The advise is tendered and aid is rendered by the cabinet which represents the popular aspirations through elected representatives. The President must respect this advise. If the Prime Minister disrespects the popular verdict his government can be voted out by a vote of non confidence. But no President can be impeached just because he violated the advice of the Council of Ministers.
The British Crown is a working hypothesis and so is the Indian President. If the Prime Minister or cabinet are not there, the President must create the alternate government of a new Prime Minister. If he wants to get the Lok Sabha dissolved prematurely, the President may not accept the advice and experiment with alternative government in national interest.
Unlike the British system, the Indian Constitution binds the President to consult various dignitaries other than the Prime Minister in different areas of government. Chief Justice of India, Chief Election Commissioner are consulted under Article 217(3) and Article 103(2) respectively.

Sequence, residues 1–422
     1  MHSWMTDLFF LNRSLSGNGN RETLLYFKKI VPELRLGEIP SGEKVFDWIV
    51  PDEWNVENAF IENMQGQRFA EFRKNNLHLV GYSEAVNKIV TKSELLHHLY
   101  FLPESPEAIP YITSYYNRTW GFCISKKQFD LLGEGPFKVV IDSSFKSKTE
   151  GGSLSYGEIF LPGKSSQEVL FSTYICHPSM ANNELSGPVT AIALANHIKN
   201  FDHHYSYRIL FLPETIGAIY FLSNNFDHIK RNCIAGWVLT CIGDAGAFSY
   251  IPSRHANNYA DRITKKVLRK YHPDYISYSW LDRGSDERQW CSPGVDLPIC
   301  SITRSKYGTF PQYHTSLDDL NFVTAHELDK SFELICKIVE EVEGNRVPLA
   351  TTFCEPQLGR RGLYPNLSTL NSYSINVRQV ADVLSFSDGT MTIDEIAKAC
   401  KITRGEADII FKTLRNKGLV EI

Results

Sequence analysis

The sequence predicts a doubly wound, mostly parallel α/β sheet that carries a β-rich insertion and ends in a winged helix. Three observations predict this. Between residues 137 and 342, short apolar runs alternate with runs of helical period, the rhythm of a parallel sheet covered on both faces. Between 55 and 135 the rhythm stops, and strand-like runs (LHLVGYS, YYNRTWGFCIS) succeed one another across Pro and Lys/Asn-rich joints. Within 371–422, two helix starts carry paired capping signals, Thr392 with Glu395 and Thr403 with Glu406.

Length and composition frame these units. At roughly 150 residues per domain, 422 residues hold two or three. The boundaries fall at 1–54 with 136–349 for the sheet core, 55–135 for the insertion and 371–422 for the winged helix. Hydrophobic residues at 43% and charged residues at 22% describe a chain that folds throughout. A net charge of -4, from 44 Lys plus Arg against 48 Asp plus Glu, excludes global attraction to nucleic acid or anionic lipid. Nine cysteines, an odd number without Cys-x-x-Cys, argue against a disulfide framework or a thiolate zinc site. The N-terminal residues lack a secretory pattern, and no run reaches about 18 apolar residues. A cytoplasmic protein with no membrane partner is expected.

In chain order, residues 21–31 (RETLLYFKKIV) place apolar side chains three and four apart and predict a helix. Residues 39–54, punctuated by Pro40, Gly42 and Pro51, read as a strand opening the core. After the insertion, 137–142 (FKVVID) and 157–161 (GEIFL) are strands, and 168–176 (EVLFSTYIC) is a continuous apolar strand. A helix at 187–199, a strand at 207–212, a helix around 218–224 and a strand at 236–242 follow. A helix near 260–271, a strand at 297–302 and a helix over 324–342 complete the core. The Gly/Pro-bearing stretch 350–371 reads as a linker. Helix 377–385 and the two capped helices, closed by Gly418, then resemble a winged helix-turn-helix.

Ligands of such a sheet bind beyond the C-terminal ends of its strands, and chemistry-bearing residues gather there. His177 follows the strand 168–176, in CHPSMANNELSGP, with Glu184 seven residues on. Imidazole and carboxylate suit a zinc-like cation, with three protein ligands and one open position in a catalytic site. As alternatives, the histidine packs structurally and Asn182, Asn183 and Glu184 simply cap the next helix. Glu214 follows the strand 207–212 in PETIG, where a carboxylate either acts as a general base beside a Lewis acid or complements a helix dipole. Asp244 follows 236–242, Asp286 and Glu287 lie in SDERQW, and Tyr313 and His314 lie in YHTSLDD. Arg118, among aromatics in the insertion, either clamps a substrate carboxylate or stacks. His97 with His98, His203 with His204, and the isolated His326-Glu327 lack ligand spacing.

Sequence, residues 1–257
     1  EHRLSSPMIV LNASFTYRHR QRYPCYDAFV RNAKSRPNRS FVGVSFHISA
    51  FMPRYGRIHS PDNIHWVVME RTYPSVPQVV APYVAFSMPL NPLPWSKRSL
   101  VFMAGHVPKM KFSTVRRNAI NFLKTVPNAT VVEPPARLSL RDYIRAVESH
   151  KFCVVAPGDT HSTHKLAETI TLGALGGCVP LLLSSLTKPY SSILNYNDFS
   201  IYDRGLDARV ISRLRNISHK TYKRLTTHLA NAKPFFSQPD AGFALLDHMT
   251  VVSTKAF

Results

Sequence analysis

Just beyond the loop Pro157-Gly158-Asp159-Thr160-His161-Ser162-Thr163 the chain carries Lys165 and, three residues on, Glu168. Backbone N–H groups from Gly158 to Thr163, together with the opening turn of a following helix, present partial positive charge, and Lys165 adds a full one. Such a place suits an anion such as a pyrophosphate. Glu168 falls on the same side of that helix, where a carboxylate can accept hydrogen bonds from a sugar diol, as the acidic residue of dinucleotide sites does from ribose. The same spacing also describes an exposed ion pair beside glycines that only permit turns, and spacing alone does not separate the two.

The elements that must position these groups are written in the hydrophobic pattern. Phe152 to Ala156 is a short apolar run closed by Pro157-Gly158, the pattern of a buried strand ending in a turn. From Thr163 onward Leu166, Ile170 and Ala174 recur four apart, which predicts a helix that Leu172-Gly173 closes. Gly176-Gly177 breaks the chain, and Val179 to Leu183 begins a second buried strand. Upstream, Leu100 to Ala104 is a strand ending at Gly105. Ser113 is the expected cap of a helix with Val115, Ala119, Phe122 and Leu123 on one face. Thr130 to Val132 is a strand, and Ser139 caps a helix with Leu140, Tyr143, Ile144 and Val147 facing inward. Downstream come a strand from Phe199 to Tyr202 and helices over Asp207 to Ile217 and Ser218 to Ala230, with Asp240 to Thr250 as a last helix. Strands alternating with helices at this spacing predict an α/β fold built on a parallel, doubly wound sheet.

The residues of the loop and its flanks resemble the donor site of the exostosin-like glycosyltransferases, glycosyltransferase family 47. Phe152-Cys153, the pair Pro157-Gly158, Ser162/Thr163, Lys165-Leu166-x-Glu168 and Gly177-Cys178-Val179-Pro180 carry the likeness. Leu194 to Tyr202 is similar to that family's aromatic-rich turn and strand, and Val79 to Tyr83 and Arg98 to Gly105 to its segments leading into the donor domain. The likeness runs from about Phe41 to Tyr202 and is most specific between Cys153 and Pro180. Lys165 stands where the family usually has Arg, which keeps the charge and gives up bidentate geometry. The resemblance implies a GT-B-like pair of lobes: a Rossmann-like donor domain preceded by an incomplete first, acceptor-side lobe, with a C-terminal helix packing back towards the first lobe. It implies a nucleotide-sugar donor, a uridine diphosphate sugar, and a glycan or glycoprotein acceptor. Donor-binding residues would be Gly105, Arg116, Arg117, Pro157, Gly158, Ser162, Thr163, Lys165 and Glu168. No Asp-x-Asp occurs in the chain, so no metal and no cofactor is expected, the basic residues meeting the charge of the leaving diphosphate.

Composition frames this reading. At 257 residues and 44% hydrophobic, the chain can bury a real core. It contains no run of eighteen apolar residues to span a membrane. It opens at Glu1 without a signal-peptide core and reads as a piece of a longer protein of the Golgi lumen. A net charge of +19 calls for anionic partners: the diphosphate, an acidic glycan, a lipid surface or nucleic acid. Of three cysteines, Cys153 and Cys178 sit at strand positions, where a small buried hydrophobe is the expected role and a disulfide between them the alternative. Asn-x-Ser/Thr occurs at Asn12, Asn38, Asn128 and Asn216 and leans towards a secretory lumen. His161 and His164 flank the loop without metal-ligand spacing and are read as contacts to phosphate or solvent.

The Constitution specifically provides that these consultations or advises will not be inquired into by the law courts. Naturally the aid and advise are a part of parliamentary procedure. The Cabinet is not an advisory body but a decision-making political executive. The Governors in the state have some discretion because they can withhold assents for President’s consideration.
But the President has no such discretion. If he delays or denies he would be violating Article 74 of the Constitution which inter alia states “The President shall act in accordance with the advice (given by the PM and his Council of Ministers). The President may reprive the Council of Ministers to reconsider such advice – and shall act in accordance – after such reconsideration. Whether any and if so what advice, was tendered shall not be enquired into any court.” This closes all controversies and puts all doubts to rest. In fact the Presidency will never become what the President chooses to make it.